It is called an industry first. GlaxoSmithKline (GSK) has vowed to stop compensating medical doctors in order to have them promote the company’s drugs. The British drug maker announced this month it will also stop paying healthcare professionals who attend their medical conferences saving the company about $82 million a year.
Also to go by the wayside are marketing targets for prescription drugs.
This is the next step for an industry where more and more criticism is being leveled at drug makers for paying doctors to educate other medical professionals, to serve as preceptors, to add their name to an article written by the drug company to promote its product, in other words to do anything to sell their drugs. Other drug companies could follow the lead of GSK.
GSK was called on the carpet by China recently where aggressive promotion of drugs is not considered business as usual. China launched a bribery investigation into GSK’s practice of funneling up to $3 billion to travel agencies to boost drug sales. GSK was also fined $3 billion in the U.S. over improper sales techniques such as misleading information on drug labels and for offering lavish incentives to doctors to sell antidepressants off-label for use in children.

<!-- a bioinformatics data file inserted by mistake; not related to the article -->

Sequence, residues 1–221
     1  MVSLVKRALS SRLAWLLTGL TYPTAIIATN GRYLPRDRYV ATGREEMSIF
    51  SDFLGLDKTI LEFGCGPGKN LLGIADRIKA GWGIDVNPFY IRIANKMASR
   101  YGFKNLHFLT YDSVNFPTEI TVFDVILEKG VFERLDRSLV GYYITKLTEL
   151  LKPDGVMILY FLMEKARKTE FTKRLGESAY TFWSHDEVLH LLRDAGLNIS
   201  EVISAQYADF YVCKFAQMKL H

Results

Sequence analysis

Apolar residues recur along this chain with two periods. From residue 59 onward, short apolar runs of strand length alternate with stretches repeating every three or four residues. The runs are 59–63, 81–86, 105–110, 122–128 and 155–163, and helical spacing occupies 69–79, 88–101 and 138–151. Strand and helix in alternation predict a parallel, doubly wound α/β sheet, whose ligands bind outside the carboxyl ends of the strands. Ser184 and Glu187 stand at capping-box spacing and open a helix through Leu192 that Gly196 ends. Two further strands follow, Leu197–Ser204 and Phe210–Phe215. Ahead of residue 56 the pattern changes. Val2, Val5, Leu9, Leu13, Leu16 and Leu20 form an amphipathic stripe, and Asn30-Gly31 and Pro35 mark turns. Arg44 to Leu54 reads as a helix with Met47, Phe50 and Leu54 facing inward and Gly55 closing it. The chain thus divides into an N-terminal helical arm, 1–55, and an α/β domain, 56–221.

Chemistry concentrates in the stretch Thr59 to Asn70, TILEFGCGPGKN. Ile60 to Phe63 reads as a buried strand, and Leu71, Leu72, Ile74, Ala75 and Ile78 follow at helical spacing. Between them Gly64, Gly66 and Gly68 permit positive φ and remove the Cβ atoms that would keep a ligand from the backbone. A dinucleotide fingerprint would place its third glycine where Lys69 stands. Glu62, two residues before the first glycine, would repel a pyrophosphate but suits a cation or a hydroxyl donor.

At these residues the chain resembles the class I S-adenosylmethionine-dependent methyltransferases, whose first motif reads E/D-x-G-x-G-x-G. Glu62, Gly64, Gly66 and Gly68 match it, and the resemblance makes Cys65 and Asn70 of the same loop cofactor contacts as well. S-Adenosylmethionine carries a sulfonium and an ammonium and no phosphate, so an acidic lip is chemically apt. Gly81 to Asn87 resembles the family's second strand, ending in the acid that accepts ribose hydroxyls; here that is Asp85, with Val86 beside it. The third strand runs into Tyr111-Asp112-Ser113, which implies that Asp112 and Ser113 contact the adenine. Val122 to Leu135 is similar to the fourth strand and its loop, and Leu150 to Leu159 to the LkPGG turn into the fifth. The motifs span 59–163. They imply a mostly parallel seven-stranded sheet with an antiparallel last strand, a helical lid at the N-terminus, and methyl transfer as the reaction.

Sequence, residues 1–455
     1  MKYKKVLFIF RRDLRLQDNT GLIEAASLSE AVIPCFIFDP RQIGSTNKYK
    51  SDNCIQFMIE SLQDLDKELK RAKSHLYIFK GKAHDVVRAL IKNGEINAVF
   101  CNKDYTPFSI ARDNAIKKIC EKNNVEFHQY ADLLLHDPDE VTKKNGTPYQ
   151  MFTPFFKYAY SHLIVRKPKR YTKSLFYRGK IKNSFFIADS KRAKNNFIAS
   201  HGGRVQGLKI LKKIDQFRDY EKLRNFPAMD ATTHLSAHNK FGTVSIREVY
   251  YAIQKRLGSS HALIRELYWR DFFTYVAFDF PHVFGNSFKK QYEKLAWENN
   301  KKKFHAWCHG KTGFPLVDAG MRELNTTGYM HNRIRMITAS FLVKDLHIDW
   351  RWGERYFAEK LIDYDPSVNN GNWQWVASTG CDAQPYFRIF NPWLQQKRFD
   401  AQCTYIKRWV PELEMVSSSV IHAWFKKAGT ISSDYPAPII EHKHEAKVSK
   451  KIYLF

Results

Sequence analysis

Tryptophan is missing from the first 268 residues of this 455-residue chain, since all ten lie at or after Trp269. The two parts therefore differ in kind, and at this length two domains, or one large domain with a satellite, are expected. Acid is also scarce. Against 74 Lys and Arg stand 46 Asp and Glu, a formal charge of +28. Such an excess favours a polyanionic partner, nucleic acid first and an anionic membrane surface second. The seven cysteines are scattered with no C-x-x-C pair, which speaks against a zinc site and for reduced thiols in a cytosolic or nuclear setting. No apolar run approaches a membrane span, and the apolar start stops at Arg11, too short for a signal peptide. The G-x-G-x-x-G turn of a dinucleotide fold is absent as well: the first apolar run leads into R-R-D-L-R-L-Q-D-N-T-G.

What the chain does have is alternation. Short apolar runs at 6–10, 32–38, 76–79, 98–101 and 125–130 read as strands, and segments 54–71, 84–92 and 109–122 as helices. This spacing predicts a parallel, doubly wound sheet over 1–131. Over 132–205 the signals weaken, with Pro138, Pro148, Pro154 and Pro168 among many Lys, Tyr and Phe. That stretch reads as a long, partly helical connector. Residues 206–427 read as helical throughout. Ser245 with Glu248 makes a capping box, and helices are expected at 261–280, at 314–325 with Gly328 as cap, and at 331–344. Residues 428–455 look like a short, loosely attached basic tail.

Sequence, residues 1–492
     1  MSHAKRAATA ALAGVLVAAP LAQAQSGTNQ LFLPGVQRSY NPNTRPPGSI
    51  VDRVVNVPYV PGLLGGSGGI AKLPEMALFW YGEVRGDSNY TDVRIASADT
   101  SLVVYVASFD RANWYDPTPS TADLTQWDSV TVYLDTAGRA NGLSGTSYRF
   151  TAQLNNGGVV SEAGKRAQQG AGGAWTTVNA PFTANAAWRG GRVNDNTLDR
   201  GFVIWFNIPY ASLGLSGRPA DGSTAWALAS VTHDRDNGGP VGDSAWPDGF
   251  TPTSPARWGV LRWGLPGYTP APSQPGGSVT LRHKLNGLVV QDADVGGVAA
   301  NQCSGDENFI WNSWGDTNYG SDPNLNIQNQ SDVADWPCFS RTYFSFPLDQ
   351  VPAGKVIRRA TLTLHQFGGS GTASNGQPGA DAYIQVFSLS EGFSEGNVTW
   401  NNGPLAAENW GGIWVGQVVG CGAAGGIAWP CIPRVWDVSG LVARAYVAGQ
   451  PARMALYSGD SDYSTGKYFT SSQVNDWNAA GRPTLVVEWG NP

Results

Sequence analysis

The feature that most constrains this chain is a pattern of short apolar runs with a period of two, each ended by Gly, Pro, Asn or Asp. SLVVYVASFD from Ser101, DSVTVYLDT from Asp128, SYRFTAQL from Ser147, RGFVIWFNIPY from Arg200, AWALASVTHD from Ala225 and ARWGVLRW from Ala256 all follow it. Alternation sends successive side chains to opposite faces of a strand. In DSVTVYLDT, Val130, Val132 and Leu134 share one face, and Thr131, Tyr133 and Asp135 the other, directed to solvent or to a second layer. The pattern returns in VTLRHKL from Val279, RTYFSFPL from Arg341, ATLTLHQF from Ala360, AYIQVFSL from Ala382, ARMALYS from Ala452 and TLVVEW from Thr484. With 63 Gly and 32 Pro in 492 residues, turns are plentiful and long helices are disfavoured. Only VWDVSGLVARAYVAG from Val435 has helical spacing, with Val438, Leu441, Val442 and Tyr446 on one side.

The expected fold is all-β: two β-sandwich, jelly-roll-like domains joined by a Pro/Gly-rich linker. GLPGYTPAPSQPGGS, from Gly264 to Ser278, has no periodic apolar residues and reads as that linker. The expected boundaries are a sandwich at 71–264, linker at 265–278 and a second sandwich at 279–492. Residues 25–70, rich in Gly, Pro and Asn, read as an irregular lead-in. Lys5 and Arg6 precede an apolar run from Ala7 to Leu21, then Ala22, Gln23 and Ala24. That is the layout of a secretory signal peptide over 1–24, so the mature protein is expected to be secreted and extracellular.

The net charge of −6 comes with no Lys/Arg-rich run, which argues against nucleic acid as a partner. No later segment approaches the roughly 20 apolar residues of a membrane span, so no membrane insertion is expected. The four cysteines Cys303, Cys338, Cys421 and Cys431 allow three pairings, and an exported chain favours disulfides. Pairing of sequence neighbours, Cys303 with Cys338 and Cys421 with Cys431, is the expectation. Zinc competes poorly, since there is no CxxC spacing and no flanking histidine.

In that investigation, government prosecutors accused GSK of funding lavish vacations to Hawaii, concert and basketball tickets, spa treatments, and golf lessons to doctors who were sold on using the antidepressant, Paxil on children. Paxil has been linked to suicides in children and adolescents and it was finally banned for children in 2008.
From April 2009 to December 2012, ProPublica, an independent nonprofit newsroom, found GSK had paid $238.6 million as part of its drug promotion via doctors. The group compiled a database of $2.1 billion worth of payouts by Big Pharma to doctors and institutions. It is broken down by state as well as company in its project called Dollars for Docs which launched in 2010.
GSK makes drugs such as Wellbutrin, Lamictal, Avodart, Flovent and Advair, among others.
GSK says it will now put patients above profits. But they aren’t rushing into this policy chance – it will not be fully implemented until 2016. Doctors can still be compensated to conduct company-sponsored clinical and market research.